The open access (OA) movement is gaining worldwide consensus as more and more countries are joining the effort to make research freely available.
China has recently joined the ranks of the nations that are making a shift to OA. On May 15, 2014, the National Natural Science Foundation of China (NSFC), a major basic-science funding agency, and the Chinese Academy of Sciences (CAS), one of China’s most prestigious research institutions, announced that researchers associated with these institutions would need to give unrestricted access to their papers within a year of publication. Interestingly, more research-funding agencies in China are expected to follow a similar policy.
While OA has been gradually gaining support in China in the past few years, this move might bring a major change to academia in China. The research output of China has multiplied over the years—the country’s contribution to the total global articles has increased from 5.6% in 2003 to 13.9% in 2012, according to the data calculated using the Science Citation Index (SCI) database—and thus, the most significant upshot of this move to OA is that a wealth of scientific knowledge would become available to the world. However, a downside is that while studies in the natural sciences will gain public access, the humanities will not benefit from this newly declared policy. Nevertheless, in the wake of the OA movement, China is making new forays, one of which is a growing interest in partnerships to start new OA journals as reported in BioMed Central.
Despite this way forward, academia has expressed concerns about OA as it comes with its own set of challenges such as the high cost of publication, concerns about quality, and the rise in bogus or predatory publishers. However, the benefits of OA seem to far outweigh these challenges. This is reflected in the number of countries that have adopted OA policies, including Japan, the United States, and the United Kingdom.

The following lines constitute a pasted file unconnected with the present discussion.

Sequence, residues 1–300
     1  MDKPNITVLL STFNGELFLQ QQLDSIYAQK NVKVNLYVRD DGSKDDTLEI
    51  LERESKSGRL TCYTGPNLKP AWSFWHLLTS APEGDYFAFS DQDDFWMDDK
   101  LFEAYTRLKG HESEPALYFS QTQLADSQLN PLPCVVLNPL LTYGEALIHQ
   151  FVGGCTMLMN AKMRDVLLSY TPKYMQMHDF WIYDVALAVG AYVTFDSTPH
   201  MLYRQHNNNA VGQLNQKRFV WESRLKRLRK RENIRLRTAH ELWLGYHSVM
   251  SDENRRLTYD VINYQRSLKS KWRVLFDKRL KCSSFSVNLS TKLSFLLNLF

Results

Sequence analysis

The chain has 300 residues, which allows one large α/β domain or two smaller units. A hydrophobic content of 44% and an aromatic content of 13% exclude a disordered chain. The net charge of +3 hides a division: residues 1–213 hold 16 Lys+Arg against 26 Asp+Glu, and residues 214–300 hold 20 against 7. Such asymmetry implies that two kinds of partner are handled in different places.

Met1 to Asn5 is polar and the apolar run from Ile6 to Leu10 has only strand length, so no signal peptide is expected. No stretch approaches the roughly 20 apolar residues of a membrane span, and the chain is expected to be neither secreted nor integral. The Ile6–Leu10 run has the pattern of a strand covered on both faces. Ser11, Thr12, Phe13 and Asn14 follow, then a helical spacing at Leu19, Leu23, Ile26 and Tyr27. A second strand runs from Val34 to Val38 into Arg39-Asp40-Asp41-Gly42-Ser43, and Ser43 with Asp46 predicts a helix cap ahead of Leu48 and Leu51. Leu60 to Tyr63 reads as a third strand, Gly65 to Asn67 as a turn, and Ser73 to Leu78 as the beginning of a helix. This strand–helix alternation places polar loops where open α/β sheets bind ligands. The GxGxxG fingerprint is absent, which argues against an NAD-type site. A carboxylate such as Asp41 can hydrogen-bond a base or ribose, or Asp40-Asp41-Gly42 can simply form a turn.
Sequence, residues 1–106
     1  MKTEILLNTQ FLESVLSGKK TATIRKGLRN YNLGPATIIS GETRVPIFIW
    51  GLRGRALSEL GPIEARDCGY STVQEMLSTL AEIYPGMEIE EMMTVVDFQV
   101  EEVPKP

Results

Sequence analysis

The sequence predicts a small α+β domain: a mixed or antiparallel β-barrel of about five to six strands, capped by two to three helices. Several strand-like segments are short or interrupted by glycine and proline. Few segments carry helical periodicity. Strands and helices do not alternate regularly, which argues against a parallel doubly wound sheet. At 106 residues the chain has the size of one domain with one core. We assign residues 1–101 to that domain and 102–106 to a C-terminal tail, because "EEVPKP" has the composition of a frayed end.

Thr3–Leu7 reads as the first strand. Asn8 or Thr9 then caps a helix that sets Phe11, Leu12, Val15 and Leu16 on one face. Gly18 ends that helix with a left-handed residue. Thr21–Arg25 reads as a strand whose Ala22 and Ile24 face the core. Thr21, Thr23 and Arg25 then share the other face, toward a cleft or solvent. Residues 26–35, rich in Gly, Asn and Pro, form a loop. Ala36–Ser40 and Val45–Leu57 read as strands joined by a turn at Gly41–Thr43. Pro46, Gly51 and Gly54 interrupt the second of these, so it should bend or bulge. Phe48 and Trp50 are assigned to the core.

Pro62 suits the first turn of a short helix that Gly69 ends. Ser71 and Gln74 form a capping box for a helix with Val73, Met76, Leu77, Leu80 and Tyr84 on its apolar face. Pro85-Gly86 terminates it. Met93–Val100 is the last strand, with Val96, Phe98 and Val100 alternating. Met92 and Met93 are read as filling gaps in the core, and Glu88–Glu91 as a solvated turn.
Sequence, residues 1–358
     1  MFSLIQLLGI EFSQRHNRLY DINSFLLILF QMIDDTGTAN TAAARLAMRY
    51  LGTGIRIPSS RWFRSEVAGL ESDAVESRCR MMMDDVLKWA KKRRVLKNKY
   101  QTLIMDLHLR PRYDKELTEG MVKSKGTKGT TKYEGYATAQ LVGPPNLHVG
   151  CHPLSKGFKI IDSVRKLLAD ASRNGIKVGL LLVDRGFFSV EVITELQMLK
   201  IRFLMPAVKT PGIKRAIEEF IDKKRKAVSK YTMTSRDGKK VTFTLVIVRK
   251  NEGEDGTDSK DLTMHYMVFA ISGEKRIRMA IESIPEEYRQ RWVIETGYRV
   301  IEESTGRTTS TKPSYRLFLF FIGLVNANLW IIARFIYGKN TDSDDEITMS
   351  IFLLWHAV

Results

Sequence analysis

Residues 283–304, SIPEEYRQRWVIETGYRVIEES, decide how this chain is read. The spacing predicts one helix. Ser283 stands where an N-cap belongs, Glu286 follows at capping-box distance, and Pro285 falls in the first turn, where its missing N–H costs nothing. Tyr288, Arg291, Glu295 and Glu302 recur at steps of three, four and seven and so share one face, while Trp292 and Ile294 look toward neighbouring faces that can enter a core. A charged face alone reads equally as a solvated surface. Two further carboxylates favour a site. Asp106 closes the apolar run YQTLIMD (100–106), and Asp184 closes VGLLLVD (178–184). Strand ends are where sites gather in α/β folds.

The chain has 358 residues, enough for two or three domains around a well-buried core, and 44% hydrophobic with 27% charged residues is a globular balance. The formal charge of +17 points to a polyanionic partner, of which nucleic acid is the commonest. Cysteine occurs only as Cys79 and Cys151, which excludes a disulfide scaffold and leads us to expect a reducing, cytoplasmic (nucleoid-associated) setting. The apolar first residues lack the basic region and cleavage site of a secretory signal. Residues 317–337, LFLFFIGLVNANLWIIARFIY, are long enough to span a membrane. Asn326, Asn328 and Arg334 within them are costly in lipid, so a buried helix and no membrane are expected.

The US government declared in 2013 that federally funded research should be made publicly available within a year of its publication. In 2012, the UK government was in favor of making research publicly available soon after it is published. Thereafter, some of the major university-associated funding agencies in the UK announced that academics need to archive their manuscripts in online repositories upon acceptance for publication, and that these manuscripts can be made freely available later—with a delay of one year for science research and two years for arts and humanities research. Japan is another country that has embraced OA with the Japan’s Ministry of Education and Science declaring that from April 2013 all dissertations by young scientists, which are approved and accepted by Japanese universities, will have to be released freely on the Internet.
Many countries are opting for OA after an embargo period rather than immediately upon publication. One possible reason for this that with immediate OA, publishers and learned societies could lose out on the exclusivity of the articles they publish and thus may not be able to sustain themselves economically. However, the ultimate aim of science is human progress, which can gain momentum only when immediate unrestricted access to research is provided. Consequently, even countries that currently promote OA after an embargo period may desire to make a shift to immediate OA because as Robert Kiley, Head of Digital Services at the Wellcome Library in London, puts it, this is the only way to “exploit the full potential of the research we fund.”